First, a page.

Poll: Few Muslims feel U.S. alienation

Aug 30, 2011 Issues: Domestic Radicalization / Radicalization Hearings

Politico – by Tim Mak

There is no rising alienation or anger among American Muslims, despite a feeling that they are being targeted by anti-terrorism government programs, a comprehensive new poll found Tuesday.

The vast majority of Muslim-Americans surveyed by the Pew Research Center - 79 percent of respondents - rated their communities as “excellent” or “good” places to live.

Indeed, Muslim-Americans are more likely than two years ago to say that they are satisfied with the current direction of the country - 56 percent are satisfied, compared to 38 percent in 2007, according to the poll - one of the largest ever done on Muslim attitudes in the U.S.

“I was concerned about a bigger sense of alienation, but there was not,” Andrew Kohut, the president of the Pew Research Center, told the Associated Press. “You don’t see any indication of brewing negativity. When you look at their attitudes, these are still middle-class, mainstream people who want to be loyal to America.”

The survey comes after Rep. Peter King (R-Long Island) has been holding congressional hearings into what he sees as growing radicalization of Muslim-Americans.

The vast majority of Muslim-Americans condemned terrorism - 81 percent said that suicide bombings and other forms of violence against civilians were never justified in order to protect their religion. 81 percent also expressed an unfavorable view of al-Qaeda, up from 68 percent in 2007.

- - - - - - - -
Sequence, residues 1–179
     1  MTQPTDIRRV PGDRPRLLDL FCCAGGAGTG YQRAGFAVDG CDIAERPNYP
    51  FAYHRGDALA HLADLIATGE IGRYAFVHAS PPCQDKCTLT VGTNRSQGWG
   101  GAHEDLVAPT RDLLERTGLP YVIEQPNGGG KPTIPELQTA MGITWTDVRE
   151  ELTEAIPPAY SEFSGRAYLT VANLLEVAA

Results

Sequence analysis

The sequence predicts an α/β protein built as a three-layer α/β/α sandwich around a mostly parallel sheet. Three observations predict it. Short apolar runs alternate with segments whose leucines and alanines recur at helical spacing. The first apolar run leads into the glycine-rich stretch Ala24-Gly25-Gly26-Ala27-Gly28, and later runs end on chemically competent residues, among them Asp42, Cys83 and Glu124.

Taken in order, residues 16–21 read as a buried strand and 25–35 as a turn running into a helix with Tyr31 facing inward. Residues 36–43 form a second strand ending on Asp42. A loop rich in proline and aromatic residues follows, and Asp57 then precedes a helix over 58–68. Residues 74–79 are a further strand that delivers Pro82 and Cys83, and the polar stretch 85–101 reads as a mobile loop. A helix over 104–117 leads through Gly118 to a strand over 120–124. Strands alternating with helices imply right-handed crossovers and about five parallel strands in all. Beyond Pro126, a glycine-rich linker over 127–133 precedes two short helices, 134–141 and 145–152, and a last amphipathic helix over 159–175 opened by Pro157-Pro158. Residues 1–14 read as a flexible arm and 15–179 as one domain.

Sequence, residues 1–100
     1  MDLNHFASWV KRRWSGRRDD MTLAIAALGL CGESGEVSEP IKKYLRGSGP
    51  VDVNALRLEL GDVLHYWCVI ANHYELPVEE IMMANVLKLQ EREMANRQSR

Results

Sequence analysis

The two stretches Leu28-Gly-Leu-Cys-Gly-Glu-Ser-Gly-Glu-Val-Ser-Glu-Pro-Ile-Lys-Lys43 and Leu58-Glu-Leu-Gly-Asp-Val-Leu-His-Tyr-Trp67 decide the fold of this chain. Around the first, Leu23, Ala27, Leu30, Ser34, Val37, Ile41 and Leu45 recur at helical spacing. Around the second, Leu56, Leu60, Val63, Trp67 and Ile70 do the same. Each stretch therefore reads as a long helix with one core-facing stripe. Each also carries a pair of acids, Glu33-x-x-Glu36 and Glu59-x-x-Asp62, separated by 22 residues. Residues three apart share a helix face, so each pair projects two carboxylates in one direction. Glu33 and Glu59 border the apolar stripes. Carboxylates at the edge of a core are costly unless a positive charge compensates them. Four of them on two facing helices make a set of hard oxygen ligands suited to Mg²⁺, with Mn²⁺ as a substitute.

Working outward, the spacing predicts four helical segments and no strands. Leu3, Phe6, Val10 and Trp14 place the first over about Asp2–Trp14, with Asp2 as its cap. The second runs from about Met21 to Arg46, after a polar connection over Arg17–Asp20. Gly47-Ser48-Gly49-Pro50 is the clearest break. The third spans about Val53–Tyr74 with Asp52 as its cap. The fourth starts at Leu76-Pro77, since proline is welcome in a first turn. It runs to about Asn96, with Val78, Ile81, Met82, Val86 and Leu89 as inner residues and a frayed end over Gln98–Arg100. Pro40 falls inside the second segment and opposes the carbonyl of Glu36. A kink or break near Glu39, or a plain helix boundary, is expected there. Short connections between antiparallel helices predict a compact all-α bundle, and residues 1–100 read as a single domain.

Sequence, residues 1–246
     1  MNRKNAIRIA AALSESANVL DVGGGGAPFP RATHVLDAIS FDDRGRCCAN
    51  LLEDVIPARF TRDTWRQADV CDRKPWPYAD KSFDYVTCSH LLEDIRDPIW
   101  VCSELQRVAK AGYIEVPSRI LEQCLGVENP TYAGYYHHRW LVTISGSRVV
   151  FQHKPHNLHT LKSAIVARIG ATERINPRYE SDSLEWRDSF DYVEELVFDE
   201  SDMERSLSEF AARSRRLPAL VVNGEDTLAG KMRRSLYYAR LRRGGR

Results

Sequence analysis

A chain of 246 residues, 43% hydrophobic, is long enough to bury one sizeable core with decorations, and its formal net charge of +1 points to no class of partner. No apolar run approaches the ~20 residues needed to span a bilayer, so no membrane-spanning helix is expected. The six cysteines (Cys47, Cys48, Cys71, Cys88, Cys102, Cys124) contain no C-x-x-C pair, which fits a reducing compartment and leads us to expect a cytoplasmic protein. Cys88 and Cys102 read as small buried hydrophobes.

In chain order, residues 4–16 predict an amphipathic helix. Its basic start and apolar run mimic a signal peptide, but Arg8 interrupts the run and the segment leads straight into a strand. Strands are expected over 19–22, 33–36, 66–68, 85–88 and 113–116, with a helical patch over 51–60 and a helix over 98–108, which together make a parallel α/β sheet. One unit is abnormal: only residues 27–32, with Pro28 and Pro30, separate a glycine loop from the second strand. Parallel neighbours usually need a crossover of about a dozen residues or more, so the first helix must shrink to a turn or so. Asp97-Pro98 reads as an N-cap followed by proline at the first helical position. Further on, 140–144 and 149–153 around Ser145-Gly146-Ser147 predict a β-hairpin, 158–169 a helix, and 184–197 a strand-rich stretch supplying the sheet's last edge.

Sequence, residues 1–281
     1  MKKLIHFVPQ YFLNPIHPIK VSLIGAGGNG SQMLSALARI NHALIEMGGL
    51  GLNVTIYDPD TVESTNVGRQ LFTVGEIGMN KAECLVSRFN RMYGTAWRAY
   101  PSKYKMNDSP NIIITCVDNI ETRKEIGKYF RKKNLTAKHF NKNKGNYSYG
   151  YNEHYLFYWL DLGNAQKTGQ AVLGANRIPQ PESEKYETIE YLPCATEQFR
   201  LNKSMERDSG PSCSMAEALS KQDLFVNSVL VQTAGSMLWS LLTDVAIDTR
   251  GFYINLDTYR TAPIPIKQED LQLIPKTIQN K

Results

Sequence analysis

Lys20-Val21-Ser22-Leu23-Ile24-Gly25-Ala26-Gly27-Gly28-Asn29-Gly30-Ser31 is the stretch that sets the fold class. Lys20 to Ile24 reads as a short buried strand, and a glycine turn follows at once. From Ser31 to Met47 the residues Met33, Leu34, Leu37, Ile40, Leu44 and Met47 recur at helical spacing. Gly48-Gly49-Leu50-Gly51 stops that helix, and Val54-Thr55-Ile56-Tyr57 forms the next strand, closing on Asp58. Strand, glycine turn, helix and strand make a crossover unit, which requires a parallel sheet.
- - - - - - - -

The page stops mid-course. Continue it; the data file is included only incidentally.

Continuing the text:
The number of American Muslims who now believe that U.S. anti-terrorism policies as “sincere” efforts to reduce terrorism was greater than the number who thought the policies were “insincere” – 43 percent to 41 percent. In 2007, 55 percent of American Muslims viewed anti-terrorism efforts as insincere, and only 26 percent viewed them as sincere.

Only a small portion of those polled said they felt anti-Muslim bias in their everyday life. 28 percent said that they had been treated with suspicion; 21 percent said they were singled out by airport security; and 13 percent said that they were targeted by law enforcement officials.

However, problems still linger. A majority - 52 percent of those surveyed - said that that they feel government anti-terrorism programs singles them out for government surveillance. And 42 percent of Muslim-Americans said they had personally experienced harassment in the past year.

Roughly six percent of Muslim-Americans said that they had been physically threatened or attacked.

Further, 21 percent of respondents said that there is “a great deal” or “a fair deal” of support for extremism in their communities.

This the most extensive survey that Pew has ever conducted on Muslim attitudes, with 1,033 respondents.